Monday, December 8, 2008

Duty, Honor and Country: Captain William P. Black

Duty, Honor and Country: The Civil War Experiences of Captain William P. Black, Thirty-Seventh Illinois Infantry. Edited by Michael E. Banasik. Unwritten Chapters of the Civil War West of the River, Volume VI. Illustrated, maps, appendix, footnotes, bibliography, index, 511 pp., 2006. Camp Pope Bookshop, PO Box 2232, Iowa City, IA 52244. $24.95 plus shipping.

Through the letters of William Black we learn about the combined experiences of the Black brothers of the 36th Illinois. Both brothers initially enlisted in the 11th Indiana but after three months of service were discharged and recruited Company K of the 37rth Illinois. William’s brother John Charles (but always referred to as Charles by William) eventually rose to the rank of colonel of the regiment and was brevetted a brigadier general after the war. William spent the war as captain of Company K, although numerous times he tried to secure promotion within the regiment and a few times asked his politically connected father to try to secure a promotion in another unit.

The letters cover all aspects of William’s service during the war. There does not seem to be any topic that William does not discuss in his letters. The 37th Illinois did not see much combat, its major battles were Pea Ridge and Prairie Grove, so battle descriptions make up only a minor portion of the letters. Most of the letters focus on regimental politics as William discusses how the infighting among the higher ranking officers. While his brother was colonel the lieutenant colonel was engaged in a behind the scenes battle to discredit Colonel Black. Colonel Black spent a significant amount of time at home recuperating from a severe wound suffered at Prairie Grove. Lieutenant Colonel Frisbie did his best to portray Colonel Black’s actions at Prairie Grove as less than honorable. Eventually this lead to a court martial against Frisbie and the story of this infighting dominates a good portion of William’s letters home. Colonel Black was the victor of this bickering and in 1893 was awarded the Medal of Honor for his actions at Prairie Grove. William was also awarded a Medal of Honor in 1893 for his actions at Pea Ridge. William and Charles are one of five sets of brothers that have won the Medal of Honor.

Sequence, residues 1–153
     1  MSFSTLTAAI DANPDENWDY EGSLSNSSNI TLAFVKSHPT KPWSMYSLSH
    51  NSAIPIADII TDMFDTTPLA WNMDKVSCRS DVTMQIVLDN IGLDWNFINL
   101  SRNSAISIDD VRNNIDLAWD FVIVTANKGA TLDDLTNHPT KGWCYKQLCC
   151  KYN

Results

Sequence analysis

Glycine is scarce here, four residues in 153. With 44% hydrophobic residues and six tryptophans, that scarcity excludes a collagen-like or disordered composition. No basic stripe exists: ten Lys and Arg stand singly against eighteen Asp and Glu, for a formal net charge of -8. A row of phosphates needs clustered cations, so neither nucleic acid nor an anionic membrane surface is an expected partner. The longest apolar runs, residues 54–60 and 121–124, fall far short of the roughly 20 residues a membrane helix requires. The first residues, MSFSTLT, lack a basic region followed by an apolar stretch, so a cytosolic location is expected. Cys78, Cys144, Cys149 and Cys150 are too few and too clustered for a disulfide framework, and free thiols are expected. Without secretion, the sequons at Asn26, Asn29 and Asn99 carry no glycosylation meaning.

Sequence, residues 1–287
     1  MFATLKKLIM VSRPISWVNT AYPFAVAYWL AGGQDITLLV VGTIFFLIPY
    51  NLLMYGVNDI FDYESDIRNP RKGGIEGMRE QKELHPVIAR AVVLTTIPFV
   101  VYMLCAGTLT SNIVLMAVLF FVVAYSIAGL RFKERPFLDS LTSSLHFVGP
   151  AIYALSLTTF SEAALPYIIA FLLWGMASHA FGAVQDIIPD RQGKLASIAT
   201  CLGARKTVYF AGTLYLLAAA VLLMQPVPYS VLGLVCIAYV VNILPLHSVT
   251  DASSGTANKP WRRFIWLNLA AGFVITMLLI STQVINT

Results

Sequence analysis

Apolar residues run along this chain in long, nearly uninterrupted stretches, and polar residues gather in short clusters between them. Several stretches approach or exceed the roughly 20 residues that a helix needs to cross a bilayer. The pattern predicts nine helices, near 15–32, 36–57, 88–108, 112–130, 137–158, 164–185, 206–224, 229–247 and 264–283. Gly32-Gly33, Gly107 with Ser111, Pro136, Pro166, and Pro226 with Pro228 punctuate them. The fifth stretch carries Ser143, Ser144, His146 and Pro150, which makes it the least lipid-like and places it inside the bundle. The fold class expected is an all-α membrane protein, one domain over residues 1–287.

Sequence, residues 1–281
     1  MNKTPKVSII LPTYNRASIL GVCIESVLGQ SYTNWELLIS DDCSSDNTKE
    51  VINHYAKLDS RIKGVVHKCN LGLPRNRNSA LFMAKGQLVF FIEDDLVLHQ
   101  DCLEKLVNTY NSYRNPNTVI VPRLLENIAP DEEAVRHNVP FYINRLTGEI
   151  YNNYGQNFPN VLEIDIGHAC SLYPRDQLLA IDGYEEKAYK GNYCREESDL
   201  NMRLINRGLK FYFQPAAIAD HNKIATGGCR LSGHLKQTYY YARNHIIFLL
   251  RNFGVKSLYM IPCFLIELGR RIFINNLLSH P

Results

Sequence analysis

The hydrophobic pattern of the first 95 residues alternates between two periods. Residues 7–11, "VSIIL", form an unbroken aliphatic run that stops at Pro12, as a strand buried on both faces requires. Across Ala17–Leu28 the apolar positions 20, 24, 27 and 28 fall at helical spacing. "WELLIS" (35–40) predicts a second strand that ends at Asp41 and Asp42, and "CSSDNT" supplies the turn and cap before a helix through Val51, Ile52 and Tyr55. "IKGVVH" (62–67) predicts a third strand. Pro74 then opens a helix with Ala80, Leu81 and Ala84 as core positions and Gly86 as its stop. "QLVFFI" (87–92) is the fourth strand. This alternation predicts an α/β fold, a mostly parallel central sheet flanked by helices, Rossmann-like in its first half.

William also writes about the role of company commander and all the reports he must fill out. When he first finds out he has a bunch of reports and vouchers to fill out he’s been in the service quite awhile and has a hard time making out the old reports for clothing. But by the end of his service he’s well caught up and while he finds the task tedious he seems to have a good handle on it. William also writes often about women, in fact late in the war he nearly became engaged through a misunderstanding and his attempts at explaining it to his brother and mother are quite humorous. William’s internal struggle on whether or not he should reenlist or be mustered out at the end of his initial three year enlistment is quite interesting. Although these are letters to his family back home it almost reads as a diary as William struggles with his decision. At one point he decides that he will not reenlist because he thinks the war will be over soon and he also wants to return home. Then he changes his mind and decides to reenlist.

Michael Banasik has done a masterful job in editing the letters. His footnotes fill in all the gaps in the letters and provide a good amount of background detail. There are many pages that the amount of footnotes is greater than the text of the letters. Banasik also did a wonderful job with the appendices as he provides a complete regimental roster, biographies of some of the leading generals, additional supplemental letters and official reports, and some organizational charts.

I would not recommend this book as a regimental history of the 37th Illinois as there will be too many gaps, at one point William serves on detached duty as an ordnance officer. I do think this is a good book for someone wanting a personal glimpse into the life of a captain in general, and specifically into the inner workings of the high command of the 37th Illinois.
This review also appears in the December issue of Civil War News.

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